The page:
I Thought I'd Need A Ph.D. To Compete With White Men In Corporate America. Now, I'm Drowning In Student Debt.
Like so many other Black women who are primary breadwinners for their families, the impacts of the COVID-19 pandemic and my own student loan debt have weighed heavily on me.
July 06, 2021 at 6:26 pm
Opinions are the writer’s own and not those of Blavity's.
As someone with two advanced degrees and 20 years of experience in my career, I should be in a position where I’m financially secure and can plan on investing, buying a home or starting a family. But so many Black women like me are at a huge disadvantage when it comes to being able to build wealth for ourselves and our families — we carry the biggest burden of the student loan debt crisis. As a 38-year-old Black woman juggling work, family responsibilities, and a ballooning student debt repayment that continues to prevent me and my family from achieving financial mobility, I struggle with this burden first-hand.
As a professional Black woman, I decided that I needed a Ph.D. to move ahead in my career and compete with the white men who were so often getting jobs over me with fewer qualifications. This required taking on even more student debt, and so what started out as “manageable” debt of around $30,000 after undergrad turned into $150,000 in federal student loan debt after getting a Master's and Ph.D.
Like so many other Black women who are primary breadwinners for their families, the impacts of the COVID-19 pandemic and my own student loan debt have weighed heavily on me. It’s gotten to the point where my student loan debt is taking a significant impact on my family’s livelihood and my ability to fully support them. I do everything in my power to support my family, but so often I feel like I’m just barely scraping by, being straddled with over $100,000 in student debt — especially when the bulk of my monthly income goes to paying my bills and financially supporting multiple family members.
In total, about 15% of my income goes toward supporting my family. I pay for my mother’s car payment so she can care for my grandmother, who needs care on a daily basis. I’ve also had to help pay my brother’s college tuition and continue to foot the phone bills for several extended family members. My husband, who is a chef, lost income during COVID-19, and so I have been carrying extra financial weight as a result. And as the primary breadwinner in my household, my student debt is forcing me to make difficult choices around starting my own family and continuing to help out relatives in need.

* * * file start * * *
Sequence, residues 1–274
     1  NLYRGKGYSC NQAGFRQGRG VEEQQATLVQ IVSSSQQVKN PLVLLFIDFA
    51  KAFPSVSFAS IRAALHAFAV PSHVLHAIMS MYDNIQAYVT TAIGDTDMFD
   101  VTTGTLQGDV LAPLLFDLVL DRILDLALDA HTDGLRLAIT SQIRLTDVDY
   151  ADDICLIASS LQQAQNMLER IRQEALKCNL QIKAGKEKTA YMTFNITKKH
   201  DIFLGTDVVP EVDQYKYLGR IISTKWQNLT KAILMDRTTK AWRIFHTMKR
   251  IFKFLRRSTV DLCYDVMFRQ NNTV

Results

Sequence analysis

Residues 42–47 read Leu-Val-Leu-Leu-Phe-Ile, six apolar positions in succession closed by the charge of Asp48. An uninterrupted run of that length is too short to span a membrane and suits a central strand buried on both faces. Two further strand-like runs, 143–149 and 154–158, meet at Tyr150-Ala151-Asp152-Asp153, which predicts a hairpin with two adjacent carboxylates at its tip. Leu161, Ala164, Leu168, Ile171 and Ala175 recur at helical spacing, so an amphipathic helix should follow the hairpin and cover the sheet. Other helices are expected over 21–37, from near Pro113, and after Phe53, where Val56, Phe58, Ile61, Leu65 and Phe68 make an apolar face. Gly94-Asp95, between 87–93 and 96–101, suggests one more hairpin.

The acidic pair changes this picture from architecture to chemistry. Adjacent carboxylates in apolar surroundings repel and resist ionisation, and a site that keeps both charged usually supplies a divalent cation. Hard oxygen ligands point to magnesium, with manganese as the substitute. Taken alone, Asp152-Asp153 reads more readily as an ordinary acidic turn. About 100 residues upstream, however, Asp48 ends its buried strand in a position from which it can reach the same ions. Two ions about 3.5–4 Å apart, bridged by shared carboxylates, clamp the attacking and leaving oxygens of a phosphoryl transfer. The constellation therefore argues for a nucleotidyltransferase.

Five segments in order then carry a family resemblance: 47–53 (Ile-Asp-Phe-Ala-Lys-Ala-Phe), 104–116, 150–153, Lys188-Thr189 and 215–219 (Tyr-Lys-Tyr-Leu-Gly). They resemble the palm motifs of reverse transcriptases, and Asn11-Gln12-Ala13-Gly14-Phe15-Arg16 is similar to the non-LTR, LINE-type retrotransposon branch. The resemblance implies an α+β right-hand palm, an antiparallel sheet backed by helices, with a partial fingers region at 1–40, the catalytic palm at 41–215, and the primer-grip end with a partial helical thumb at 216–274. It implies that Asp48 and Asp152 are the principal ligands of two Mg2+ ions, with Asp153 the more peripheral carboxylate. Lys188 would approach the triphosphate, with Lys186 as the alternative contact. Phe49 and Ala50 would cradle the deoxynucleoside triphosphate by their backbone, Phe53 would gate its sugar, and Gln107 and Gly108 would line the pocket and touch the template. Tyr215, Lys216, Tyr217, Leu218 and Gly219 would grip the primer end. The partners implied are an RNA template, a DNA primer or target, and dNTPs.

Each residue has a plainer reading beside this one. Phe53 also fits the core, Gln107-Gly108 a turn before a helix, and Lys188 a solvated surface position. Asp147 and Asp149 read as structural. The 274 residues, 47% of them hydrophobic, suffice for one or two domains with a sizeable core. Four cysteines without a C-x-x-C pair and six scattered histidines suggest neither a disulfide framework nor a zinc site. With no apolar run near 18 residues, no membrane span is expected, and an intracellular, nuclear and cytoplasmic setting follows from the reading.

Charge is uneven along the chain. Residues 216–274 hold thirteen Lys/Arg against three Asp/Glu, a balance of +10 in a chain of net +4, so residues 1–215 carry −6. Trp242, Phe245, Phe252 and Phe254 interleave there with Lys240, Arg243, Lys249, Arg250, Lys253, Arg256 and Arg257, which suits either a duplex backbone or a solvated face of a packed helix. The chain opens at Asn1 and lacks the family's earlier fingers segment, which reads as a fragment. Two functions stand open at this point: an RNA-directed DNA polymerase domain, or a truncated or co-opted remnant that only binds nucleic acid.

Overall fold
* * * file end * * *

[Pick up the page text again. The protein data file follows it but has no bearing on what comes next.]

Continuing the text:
Even though I’m at a level in my career where I should be acquiring generational wealth, investing or starting a family, my student debt and family commitments are preventing me from breaking the cycle of generational dependence. My student loans are one of the biggest reasons I’ve waited to start a family. I want to be able to afford children, and want to be in a place where my children don’t have to worry about taking out student loans. This crushing student debt is preventing me from moving forward with these pivotal decisions in my life.
Black women and their families shouldn’t have to be in this impossible position, struggling between student loan repayment or being able to start or support families and build wealth. Over 44 million Americans carry more than $1.7 trillion of student debt, and Black women carry more of this student loan debt than any other group. This is a direct result of the racial wealth gap and gender pay gap we are up against.
Despite the fact that Black women continue to do everything in their power to overcome these systemic barriers by graduating college, getting advanced degrees and joining the workforce in record numbers, Black women still aren’t guaranteed the same economic security as our white peers. And oftentimes, we have no other choice than to take on more student loan debt to go back to school for advanced degrees to try to overcompensate for this. For women of color, regardless of whether or not we reach a certain income, most of that income goes to being stuck in a sometimes decades-long cycle of paying off student loan debt.
This is why I support the calls of countless organizations, including the ACLU and 1000WomenStrong, calling for the Biden administration to cancel up to $50K in student debt. For me and my family, student debt cancellation would mean I could more confidently support my family and have kids. It would also help secure financial stability and economic mobility for Black women like me, who are disproportionately burdened by loans, while addressing the debt crisis for millions. I’m asking the Biden administration to take action now.